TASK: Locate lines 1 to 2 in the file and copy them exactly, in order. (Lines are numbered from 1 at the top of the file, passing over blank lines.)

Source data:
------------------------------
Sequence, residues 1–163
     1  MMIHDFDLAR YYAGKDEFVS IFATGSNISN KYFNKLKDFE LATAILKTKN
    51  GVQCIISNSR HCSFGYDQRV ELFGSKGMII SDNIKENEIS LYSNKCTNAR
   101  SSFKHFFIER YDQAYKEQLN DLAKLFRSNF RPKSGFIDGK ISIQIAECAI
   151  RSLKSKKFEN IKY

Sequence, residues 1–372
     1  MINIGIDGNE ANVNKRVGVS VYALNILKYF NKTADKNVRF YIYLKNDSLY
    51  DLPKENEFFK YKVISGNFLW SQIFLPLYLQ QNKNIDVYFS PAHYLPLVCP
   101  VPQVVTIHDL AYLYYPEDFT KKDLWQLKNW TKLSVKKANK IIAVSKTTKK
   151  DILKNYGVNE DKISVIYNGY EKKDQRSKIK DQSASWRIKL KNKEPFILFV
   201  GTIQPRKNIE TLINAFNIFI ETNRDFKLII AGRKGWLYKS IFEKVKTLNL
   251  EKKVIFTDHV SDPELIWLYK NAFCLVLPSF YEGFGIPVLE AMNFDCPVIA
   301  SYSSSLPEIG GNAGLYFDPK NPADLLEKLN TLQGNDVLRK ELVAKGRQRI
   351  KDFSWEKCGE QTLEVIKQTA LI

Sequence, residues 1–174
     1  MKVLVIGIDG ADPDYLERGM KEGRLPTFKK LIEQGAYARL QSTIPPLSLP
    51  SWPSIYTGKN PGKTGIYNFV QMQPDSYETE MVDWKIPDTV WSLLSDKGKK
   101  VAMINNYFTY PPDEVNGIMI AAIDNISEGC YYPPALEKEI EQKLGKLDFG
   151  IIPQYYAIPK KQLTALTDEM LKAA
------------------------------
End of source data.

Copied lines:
Sequence, residues 1–163
     1  MMIHDFDLAR YYAGKDEFVS IFATGSNISN KYFNKLKDFE LATAILKTKN